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This is what the future of sales looks like

The occupation of sales professional had already been undergoing change for some time, but the COVID-19 pandemic of the past year has accelerated these changes. What does this mean on a day-to-day basis for companies, sales professionals, and customers? We share five insights gleaned from six insiders.

 

“Mark, the world around us is changing – and, of course, so is our profession. I’d like to bounce around some ideas with you about all this sometime. Would you be up for that?”
 
As it turns out, the phone call from Paul Kooijman, sales manager at Vos Logistics, couldn’t have come at a better time. If someone likes to look beyond the limits of their professional field, it’s Mark van der Burgt, our Chief Commercial Officer. And so he recently joined Paul Kooijman, Marco Brands of Verhees Textiles, Wouter Smeets of Daelmans, Roel Muskens of Brushcom, and Dick Hubertus of HIP Capital for an enlightening discussion.
 
These six seasoned sales professionals operate in the logistics, contract packing, food, textile, manufacturing, and financial services industries. Besides each of them running a business in the city of Oss in the Dutch province of North Brabant (or spending a lot of time there for work), they have something else in common: they all stay on top of trends in their respective industries and are eager to continue developing in their field.

 
Five insights

We asked Mark to give us a recap of the afternoon’s discussion, so he outlined five key takeaways for us below.
 

  • COVID-19 has permanently changed the sales business. It will become more of a hybrid profession going forward, in which we’ll all spend less time traveling and will collaborate more online. Mark cites the example of the virtual tours he has recently begun offering customers from all over Europe, giving them a fascinating glimpse into the world of Vetipak. 

 

  • New generations are coming up – and they have new needs. On-demand services, permanent availability, anywhere/anytime accessibility: all these trends require us to think and act on our feet. This makes it more important than ever to ensure that the organization, resources, and processes run as efficiently as possible, so that nothing stands in the way of rapid action

 

  • Yet we’ll also see less of a “hit-and-run” approach to sales. It’s increasingly about collaboration and finding opportunities together. So instead of connecting with each other every quarter, we’ll reach out once a month or even once a week: short and sweet, but enough to really be able to build lasting relationships and adapt to trends in each other’s field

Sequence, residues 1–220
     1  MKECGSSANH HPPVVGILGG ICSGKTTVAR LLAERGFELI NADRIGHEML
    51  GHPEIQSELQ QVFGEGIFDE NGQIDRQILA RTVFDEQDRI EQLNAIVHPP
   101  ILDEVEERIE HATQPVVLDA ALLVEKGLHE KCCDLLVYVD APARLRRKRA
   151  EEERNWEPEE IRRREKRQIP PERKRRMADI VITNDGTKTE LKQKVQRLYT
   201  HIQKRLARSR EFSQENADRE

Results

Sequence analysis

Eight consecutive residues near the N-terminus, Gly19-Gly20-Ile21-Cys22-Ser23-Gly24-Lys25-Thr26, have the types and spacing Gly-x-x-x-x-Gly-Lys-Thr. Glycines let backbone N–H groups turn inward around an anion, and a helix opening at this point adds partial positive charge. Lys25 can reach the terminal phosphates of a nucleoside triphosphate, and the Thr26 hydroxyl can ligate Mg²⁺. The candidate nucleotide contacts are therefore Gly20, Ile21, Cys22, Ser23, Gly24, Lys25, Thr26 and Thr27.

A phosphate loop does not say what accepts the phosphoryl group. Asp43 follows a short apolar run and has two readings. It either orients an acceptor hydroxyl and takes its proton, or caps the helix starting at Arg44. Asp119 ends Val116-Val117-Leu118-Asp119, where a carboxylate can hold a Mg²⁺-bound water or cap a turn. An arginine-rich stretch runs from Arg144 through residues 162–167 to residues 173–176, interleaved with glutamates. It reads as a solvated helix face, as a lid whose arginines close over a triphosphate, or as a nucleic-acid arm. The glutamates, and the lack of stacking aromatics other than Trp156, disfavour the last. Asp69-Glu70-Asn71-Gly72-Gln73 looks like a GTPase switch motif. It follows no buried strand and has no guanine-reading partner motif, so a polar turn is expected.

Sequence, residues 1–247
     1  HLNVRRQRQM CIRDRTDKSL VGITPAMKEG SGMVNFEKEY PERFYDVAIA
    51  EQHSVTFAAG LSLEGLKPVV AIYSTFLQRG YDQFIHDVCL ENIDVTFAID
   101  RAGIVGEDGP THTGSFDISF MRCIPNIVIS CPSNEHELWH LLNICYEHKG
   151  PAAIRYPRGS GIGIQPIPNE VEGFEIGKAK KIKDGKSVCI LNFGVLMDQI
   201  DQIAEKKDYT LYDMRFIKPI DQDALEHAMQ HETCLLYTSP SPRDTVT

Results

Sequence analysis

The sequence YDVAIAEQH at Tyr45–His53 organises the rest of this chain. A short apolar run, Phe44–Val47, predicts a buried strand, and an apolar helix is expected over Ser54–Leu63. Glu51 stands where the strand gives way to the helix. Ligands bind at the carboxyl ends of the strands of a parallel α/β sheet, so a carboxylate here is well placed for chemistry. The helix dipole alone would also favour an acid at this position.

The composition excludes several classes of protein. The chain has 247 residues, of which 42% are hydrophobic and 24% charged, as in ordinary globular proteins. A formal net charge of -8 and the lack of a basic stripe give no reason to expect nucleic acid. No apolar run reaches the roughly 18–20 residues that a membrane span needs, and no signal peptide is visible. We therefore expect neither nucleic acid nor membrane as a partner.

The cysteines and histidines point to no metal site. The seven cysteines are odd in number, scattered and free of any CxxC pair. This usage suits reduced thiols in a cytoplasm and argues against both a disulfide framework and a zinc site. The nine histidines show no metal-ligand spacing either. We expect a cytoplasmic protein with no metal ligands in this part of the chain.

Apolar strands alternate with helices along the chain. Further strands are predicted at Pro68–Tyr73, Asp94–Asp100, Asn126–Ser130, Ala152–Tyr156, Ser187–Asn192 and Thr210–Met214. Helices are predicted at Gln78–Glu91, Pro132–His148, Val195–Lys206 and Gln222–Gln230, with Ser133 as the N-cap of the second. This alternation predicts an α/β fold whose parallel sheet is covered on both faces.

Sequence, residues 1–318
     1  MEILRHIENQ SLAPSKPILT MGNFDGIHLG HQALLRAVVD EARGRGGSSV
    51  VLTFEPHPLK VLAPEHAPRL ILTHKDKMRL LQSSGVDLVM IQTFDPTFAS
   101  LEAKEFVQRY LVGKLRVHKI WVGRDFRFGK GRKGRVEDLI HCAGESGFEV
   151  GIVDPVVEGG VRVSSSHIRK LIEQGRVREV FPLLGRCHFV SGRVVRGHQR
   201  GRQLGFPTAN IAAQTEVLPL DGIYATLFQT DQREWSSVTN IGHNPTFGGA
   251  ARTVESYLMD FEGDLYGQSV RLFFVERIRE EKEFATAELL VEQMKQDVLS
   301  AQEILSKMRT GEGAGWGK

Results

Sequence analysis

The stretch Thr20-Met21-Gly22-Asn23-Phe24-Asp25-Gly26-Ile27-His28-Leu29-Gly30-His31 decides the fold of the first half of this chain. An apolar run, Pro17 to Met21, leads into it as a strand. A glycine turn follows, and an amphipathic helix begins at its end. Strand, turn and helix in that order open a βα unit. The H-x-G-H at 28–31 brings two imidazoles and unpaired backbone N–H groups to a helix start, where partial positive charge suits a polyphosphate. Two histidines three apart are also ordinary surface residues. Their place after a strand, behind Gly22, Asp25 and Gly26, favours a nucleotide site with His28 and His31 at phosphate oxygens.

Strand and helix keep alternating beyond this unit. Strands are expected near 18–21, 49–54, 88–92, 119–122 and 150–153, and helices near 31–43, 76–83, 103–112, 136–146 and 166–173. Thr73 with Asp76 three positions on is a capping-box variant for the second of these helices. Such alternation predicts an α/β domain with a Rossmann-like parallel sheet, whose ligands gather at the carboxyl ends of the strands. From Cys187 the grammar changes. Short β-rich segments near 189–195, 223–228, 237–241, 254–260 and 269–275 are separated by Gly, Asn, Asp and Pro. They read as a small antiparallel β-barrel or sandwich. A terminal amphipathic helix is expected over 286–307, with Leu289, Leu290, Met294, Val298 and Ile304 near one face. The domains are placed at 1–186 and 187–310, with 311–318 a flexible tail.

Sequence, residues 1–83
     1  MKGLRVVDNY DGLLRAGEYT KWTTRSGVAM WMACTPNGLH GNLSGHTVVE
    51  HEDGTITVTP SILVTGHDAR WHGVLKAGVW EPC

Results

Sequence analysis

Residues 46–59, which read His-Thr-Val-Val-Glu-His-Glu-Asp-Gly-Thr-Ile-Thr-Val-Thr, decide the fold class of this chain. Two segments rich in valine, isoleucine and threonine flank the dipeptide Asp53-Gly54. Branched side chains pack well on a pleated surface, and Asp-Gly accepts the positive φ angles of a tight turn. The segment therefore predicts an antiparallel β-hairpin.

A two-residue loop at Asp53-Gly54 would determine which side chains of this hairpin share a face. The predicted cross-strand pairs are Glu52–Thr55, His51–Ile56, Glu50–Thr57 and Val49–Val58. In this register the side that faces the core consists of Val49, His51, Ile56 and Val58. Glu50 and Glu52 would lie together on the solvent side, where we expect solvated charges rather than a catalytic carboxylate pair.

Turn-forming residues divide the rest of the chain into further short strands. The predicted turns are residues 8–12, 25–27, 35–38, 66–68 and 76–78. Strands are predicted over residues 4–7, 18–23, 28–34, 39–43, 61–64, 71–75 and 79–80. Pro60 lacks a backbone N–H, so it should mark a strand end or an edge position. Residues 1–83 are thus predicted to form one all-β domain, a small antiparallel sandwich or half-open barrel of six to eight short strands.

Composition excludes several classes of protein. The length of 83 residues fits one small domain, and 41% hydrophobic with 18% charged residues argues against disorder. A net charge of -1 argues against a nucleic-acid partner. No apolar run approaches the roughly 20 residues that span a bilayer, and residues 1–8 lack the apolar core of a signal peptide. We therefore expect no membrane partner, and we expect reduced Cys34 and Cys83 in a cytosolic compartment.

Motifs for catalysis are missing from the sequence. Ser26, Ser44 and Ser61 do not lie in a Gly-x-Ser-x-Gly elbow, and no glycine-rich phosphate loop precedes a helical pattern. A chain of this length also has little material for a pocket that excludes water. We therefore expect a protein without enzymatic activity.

• This does create a sort of balancing act. While virtual collaboration has been extremely successful, we must not neglect face-to-face interaction, as being on the same wavelength, trusting each other and establishing rapport with one another are such essential parts of any collaborative relationship. And that does require in-person interaction, including taking the time to go out for a bite to eat together or visiting the client to get a feel for their company.

 

  • Sales professionals need new skills. This is because the business increasingly revolves around data: both financial data and data relating to market demand, production capacity, and the customer journey. This has made going into sales more appealing to people with backgrounds in data science, data analytics, and web technology. Sales organizations, for their part, must realize they need to step up their game in this area.

 

According to Mark the biggest takeaway of the day may be the value of regularly getting together and exchanging ideas with people from other industries. “The fact that the sales business can be so different depending on the sector or industry leads you to all kinds of new insights, which you can then apply to your own situation. If it’s up to me, this was the first of many such meetings!”

 

 

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